Jésus Directed by Fernando Guzzoni

Jésus Directed by Fernando Guzzoni
Courtesy of TIFF
Father-son conflicts have provided plenty of rich storytelling potential at least since the beginnings of Christianity, and it provides the central theme once again in Chilean director Fernando Guzzoni's (Dog Flesh) appropriately named Jésus. Beyond the typical neglect and aggression that often define these relationships, the film attempts to confront the difficulty of breaking out of that negative cycle.
Jésus (Nicolás Durán) should get his act together and continue his schooling; his father, Héctor (Alejandro Goic, of the 2015 priest-in-exile drama The Club), mentions it every time the two see each other. His son accomplishing something, anything in life is the great wish of Héctor, who's forced to leave his son alone for days at a time while he leaves the city for work. While Héctor's away, Jésus burns through a ne'er-do-well checklist, huffing aerosol and getting drunk with friends and acquaintances.
Early on, Jésus puts the money he talked out of his dad for a new pair of glasses towards a snuff video purchase. He laughs at the conclusion, showing just how disconnected he is from humanity and presaging a violent night later in the film that will have terrible consequences for him and his father.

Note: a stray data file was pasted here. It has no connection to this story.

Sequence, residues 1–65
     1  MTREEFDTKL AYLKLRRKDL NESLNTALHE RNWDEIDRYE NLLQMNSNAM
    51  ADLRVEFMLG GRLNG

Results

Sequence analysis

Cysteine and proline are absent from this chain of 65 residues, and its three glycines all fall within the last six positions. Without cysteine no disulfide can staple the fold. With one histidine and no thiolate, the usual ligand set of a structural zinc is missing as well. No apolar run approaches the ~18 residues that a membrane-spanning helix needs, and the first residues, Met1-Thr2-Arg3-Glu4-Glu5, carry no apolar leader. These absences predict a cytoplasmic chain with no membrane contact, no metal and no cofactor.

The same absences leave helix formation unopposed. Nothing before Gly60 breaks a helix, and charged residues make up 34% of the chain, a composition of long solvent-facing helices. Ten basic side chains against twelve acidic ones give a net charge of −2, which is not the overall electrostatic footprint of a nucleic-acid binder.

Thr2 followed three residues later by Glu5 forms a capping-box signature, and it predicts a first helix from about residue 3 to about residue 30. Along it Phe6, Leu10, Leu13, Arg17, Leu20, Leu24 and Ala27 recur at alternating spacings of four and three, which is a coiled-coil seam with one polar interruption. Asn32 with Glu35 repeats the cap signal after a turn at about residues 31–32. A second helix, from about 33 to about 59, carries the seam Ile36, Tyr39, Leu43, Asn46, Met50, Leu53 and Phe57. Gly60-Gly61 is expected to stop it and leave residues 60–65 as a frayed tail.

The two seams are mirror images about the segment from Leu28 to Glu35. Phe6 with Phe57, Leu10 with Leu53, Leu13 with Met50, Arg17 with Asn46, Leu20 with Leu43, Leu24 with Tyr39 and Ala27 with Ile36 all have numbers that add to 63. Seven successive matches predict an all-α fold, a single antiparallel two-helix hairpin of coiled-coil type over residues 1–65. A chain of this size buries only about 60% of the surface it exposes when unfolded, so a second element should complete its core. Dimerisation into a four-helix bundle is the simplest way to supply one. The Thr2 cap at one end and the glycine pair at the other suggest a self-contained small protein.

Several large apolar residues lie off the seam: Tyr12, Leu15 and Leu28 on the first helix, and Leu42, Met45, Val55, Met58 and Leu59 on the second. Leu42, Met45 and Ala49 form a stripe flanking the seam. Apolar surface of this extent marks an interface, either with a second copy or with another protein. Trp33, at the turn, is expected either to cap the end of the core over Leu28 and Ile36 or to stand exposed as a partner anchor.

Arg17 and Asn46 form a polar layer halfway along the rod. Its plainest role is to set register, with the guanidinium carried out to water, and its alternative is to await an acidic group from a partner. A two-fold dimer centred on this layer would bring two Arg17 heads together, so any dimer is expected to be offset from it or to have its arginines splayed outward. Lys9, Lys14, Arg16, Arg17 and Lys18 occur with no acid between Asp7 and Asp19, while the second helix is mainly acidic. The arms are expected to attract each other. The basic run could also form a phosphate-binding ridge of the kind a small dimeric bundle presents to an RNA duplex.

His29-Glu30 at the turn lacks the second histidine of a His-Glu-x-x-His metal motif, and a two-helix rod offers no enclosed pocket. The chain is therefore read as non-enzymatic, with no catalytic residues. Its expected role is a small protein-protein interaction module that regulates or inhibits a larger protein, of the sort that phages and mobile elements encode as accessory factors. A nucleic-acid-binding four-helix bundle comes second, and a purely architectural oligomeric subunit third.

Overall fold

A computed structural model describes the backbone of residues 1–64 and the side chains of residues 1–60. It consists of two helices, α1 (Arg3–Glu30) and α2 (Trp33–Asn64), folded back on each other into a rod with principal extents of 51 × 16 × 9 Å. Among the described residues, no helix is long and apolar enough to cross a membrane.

Unlike his father, Jésus doesn't want or expect much from life. The film follows him from a Korean pop contest early on –– a pursuit that never seems to hold his interest for very long –– to graphic sex that he wanders into. Indeed, while it's unclear whether Guzzoni intended it to mirror Jésus's worldview or not, the film gives precious little visibility or dialogue to women; the only woman with even passing screen-time is only there for unprotected sex with Jésus. The fact that it's hard to tell can't help but feel like a failure on Guzzoni's part.
The disconnected action here doesn't build towards anything until late in the film. If Jésus' half-hearted, teenage day-to-day isn't quite compelling, Héctor's full-hearted disappointment is. His pragmatic, traditionally masculine ways manifest throughout, but it's the deep, inscrutable air Goic's performance gives him that draws us in whenever he's on screen. If only it were enough to support the whole film. (Rampante Films)